Morgan Stanley confirmed on Tuesday (January 31) that it has hired Citigroup's Wei Christianson as new managing director and China CEO to replace Jonathan Zhu, who left the bank for a private equity house in the first week of January.

Christianson's return to Morgan Stanley, where she worked between 1998 and 2002 as executive director and Beijing chief Representative, had been widely rumoured and was first reported by FinanceAsia on January 9. Christianson is an old friend of the bank's new global chairman and CEO, John Mack, who took the helm in late spring last year following a top-level shake-out.

Christianson and Mack worked together at Morgan Stanley in the early part of the decade when Mack was global president and CEO. When Mack left for Credit Suisse First Boston in July 2001, Christianson followed him there.

In her new role at Morgan Stanley, Christianson, who will be based in Beijing, will be responsible for the oversight and global coordination of all the bank's business activities in the mainland. She will also be a member of Morgan Stanley's Asia Pacific Executive Committee.

She will leave a job as chairman of China for Citigroup Global Markets (Asia), which she took up in September 2004. Prior to that she was chairman of China and country manager for CSFB - a position she left in June 2004 when John Mack was ousted from the bank.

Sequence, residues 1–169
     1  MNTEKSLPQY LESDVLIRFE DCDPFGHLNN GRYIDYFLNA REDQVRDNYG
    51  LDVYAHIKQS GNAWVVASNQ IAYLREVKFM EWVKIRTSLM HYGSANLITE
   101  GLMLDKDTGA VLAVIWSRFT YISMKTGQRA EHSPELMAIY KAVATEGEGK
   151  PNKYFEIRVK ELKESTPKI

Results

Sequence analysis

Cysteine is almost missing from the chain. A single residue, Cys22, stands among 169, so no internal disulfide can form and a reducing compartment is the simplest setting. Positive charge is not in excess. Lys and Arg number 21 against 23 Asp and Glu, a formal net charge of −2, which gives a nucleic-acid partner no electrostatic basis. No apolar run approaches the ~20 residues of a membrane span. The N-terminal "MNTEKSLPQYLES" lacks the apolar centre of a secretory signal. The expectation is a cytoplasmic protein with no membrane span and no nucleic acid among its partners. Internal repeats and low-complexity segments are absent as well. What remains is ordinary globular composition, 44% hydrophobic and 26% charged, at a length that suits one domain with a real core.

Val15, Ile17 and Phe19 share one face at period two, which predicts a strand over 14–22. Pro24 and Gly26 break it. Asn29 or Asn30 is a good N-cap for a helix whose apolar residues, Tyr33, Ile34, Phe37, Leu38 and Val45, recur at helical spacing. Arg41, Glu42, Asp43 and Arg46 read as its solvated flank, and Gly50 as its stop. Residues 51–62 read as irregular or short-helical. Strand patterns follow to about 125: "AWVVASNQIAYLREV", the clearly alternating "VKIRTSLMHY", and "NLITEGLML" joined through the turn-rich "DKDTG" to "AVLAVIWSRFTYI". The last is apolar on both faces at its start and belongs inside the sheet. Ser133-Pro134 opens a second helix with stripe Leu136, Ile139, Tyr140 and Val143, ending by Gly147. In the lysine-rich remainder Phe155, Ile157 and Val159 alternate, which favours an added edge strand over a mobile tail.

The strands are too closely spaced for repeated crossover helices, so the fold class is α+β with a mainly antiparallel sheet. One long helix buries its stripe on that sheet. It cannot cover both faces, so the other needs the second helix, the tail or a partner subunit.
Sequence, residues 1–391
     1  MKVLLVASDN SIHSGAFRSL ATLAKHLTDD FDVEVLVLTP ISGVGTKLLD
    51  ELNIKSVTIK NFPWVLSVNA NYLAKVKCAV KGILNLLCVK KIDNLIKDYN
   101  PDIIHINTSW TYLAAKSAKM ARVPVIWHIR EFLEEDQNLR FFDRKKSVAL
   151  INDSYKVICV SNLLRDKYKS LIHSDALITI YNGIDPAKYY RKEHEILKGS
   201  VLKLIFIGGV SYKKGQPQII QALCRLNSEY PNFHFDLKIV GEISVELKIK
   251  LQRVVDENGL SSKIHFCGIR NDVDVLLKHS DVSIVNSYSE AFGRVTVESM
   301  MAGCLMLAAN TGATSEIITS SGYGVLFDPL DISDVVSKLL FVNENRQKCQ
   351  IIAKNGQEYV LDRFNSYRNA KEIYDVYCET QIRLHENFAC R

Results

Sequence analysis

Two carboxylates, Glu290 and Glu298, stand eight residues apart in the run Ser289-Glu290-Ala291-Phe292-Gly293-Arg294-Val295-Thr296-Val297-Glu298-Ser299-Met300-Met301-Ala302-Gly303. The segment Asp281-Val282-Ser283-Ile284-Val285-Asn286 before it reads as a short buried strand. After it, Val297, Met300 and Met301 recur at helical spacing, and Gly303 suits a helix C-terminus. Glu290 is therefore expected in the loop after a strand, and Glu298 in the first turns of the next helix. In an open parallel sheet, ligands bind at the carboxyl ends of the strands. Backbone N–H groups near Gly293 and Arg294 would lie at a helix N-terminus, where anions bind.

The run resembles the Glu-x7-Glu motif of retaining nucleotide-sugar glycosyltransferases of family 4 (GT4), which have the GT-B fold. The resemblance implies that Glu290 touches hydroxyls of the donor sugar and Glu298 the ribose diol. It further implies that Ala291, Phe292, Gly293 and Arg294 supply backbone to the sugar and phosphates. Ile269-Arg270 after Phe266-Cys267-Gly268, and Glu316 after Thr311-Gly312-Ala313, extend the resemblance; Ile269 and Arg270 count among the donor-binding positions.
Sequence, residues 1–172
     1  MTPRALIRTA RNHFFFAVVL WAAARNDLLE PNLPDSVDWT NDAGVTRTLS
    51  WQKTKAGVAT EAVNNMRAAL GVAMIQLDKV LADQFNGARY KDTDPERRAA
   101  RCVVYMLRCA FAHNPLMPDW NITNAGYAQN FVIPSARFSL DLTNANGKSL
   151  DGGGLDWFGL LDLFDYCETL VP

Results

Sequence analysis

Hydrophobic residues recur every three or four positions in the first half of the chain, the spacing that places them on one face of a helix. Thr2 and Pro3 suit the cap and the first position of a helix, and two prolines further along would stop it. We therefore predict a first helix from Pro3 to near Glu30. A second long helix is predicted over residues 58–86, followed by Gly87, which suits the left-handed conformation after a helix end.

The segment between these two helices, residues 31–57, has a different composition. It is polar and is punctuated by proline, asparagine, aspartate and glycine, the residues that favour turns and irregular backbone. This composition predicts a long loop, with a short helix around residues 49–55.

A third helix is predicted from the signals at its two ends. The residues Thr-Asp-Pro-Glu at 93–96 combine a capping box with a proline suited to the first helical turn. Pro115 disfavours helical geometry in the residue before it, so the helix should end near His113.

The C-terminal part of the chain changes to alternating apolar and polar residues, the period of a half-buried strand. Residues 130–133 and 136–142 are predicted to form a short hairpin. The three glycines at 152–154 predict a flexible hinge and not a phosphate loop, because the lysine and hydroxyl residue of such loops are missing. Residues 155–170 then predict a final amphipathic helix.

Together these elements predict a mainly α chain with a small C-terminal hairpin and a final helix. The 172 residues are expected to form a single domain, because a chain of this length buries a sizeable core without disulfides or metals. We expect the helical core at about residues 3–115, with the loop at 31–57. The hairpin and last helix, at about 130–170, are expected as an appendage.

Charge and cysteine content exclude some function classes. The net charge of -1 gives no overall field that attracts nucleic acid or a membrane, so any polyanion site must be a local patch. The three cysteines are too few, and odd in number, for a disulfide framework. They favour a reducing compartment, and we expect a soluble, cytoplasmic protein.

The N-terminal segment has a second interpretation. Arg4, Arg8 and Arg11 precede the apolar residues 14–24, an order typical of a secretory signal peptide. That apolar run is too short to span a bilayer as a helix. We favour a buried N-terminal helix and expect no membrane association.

Morgan Stanley's chairman and CEO, Alasdair Morrison, said in a written statement that he was "delighted" that Christianson was returning to the bank. "Her appointment reinforces our commitment to our clients and to this significant growth market, and will help the firm build on the tremendous success we have had in China," he said.

A lawyer by training, Christianson has advised on many landmark transactions in China, including the initial public offerings of China Life, Sinopec, SMIC, Chalco, Sinotrans and China Oilfield Services. She has also led the execution of several significant M&A transactions involving Chinese companies.

Working at Hong Kong's Securities and Futures Commission in the early 1990s, she was part of the team responsible for drafting the rules allowing Chinese companies to list in Hong Kong.